The Arakan kingdom became a Burmese province after the annexation in 1784. For Bangladesh and India, the province became of significant interest when the Moghul Prince Shah Shuja, the Moghul Governor of Bengal (1639-60) and his family were brutally massacred by the Arakanese King Sandathudamma. Shuja had been assured asylum by the Mogh Arakanese King but soon after the assurance, he was robbed and his family was brutally murdered. The followers were agitated and anger spread to the Moghul capital of Delhi. Shah Shuja’s uncle Shaista Khan then led a conquest and conquered Chittagong. The mighty presence of Moghuls in the bay created internal chaos at Arakan. Taking advantage of the weakness of the Arakan administration, the Burmese annexation of Arakan took place. Under the Burmese rule and negligence, Arakan became a tiny and backward province of Burma.
In 1824, there was a decisive war between the British and Burmese resulting in the occupation of Arakan by the British. By then, because of too much suppression, Arakan had almost become depopulated. It was in Kalandan and Lemro river valleys where the Rohingya Muslims were farmers and peasants. There were fewer men to cultivate the lands as the Rakhine males enjoyed entertainment more than working hard. British policies encouraged the people to migrate to the fertile valleys in Arakan. Despite the horrific memories, many of the Rohingya and Rakhine population migrated to Arakan from Chittagong. Aye Chan, a xenophobic writer claims the return of the Rohingya to Arakan as the influx of foreigners into Arakan as he mentioned Rohingya as Bengali Muslim and surprisingly he was silent on the issue of Rakhine influx. But Chan didn’t take into account most of these people who returned to Arakan to claim their possessions. Naturally, the Muslim migrants were the original Rohingya inhabitants of Arakan returning to their ancestral homes. The fear of uncertainty was persistent and the were returnees driven by the nostalgia. Many Rohingyas preferred to work labourers.
In 1942, the British withdrew from Arakan and the Japanese took control. The Rakhine population felt threatened by the Rohingya and started to plot to throw out the Muslim population out of Arakan. This time, a huge number of Rohingya ran away to Chittagong. There was no action taken by the British to bring them back. During this time the Rakhine-Rohingya relation deteriorated drastically.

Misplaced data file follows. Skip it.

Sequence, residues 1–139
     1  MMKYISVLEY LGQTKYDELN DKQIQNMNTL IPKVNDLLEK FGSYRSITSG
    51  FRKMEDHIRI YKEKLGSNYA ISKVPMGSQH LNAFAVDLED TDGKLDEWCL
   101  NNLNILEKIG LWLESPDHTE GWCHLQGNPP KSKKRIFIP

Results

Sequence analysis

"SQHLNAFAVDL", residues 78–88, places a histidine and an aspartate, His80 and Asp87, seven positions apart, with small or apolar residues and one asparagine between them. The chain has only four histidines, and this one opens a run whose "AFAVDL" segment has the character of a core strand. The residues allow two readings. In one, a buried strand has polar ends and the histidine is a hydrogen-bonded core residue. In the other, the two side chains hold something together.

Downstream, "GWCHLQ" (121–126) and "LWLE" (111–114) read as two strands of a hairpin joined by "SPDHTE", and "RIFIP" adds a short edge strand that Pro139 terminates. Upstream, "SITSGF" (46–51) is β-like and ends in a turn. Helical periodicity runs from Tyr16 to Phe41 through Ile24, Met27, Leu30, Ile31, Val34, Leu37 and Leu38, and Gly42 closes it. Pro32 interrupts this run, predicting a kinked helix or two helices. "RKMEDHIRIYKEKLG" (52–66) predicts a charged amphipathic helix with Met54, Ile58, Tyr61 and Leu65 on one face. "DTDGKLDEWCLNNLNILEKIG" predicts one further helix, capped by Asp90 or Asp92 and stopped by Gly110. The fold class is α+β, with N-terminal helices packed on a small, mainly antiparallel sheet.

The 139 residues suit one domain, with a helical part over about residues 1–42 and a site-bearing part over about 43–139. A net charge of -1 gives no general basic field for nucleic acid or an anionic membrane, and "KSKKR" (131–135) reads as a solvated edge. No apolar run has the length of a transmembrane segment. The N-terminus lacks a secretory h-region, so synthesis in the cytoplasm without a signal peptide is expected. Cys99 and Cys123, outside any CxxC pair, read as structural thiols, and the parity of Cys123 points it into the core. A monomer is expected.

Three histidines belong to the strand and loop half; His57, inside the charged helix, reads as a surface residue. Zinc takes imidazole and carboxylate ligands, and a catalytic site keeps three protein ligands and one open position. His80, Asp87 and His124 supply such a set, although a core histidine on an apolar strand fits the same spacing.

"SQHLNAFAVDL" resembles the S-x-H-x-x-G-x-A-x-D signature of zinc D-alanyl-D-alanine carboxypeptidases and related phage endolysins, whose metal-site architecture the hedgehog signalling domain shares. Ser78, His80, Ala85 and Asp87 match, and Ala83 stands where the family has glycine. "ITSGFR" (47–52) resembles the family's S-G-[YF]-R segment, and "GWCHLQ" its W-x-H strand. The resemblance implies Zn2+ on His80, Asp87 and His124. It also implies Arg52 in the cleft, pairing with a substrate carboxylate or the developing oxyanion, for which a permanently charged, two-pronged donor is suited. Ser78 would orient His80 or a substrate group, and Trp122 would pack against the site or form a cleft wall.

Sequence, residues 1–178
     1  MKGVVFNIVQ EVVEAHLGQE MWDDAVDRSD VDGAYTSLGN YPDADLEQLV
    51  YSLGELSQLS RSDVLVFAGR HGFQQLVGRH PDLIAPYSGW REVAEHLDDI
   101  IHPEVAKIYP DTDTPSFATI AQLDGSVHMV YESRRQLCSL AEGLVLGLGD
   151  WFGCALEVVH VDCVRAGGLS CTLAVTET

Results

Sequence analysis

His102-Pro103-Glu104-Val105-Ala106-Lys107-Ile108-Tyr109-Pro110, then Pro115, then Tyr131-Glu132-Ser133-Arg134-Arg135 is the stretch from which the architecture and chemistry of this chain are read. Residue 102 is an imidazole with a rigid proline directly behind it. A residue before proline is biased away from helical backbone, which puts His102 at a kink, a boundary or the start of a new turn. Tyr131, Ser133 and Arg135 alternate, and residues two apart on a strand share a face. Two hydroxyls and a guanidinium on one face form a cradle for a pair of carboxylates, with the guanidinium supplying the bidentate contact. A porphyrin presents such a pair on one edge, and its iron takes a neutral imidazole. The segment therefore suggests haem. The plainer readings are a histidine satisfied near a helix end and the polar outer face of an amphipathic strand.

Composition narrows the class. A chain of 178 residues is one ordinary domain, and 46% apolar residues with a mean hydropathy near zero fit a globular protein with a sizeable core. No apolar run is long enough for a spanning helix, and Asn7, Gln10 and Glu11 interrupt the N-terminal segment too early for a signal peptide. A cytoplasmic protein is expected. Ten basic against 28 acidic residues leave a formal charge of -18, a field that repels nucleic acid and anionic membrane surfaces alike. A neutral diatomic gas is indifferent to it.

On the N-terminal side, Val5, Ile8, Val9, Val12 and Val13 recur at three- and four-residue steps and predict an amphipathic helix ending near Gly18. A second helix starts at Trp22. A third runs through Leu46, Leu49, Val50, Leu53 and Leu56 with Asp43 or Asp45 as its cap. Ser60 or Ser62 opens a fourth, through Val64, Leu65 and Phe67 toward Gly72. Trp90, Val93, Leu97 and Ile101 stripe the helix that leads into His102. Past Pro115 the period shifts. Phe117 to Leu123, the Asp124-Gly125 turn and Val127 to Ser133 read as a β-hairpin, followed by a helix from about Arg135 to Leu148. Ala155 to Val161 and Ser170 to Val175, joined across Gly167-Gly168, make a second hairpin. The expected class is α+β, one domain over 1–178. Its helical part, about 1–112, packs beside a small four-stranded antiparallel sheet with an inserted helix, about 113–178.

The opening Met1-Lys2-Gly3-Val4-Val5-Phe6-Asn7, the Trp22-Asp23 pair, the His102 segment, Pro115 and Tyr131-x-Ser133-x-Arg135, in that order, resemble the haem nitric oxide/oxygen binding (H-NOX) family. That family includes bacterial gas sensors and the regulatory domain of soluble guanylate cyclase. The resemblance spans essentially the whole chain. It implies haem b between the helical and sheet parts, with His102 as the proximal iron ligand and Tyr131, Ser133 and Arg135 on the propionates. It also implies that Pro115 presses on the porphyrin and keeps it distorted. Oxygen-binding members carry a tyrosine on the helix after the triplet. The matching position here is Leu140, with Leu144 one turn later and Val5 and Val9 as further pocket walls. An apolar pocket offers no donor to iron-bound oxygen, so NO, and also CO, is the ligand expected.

When the 1982 Citizenship law was laid out, the Rohingya were not recognized among Myanmar’s 135 official ethnic groups, and their citizenship was denied. Most of their rights were refused, asserting that documents are needed to confirm that they have been living in Myanmar for the last 60 years. Ironic, since they were always denied paperwork. Their right to travel, study, marry and even employment has been restricted. The Myanmar leadership doesn’t want to agitate the majority Buddhist population and interfere with ethnic conflict in Rakhine. Even the government of Nobel Laureate Aung San Suu Kyi, the political party NLD, has failed to address it. According to estimates, 110,000 people fled by boat to countries like Thailand, Malaysia and Philippines.
The Rohingya crisis was predominant continuously for most of the end of 20thCentury and beginning of 21th Century. There was an influx in 1978, 1990-92, 2012, 2016. The current influx that started in August 2017 is the most delicate on among the recent crisis which has led more than 600,000 Rohingya to take shelter in Bangladesh. The story of Rohingya is complicated and unfortunate. This minority ethnic group continues to undergo persecution. Whatever they have gone through, there is no solution to the conflict in sight. Currently, the international community is more active than earlier to a bring a conclusion to this issue because of raising concerns regarding the future of Rohingya children who have spent most of their lives in the makeshift camps, denied of basic human rights.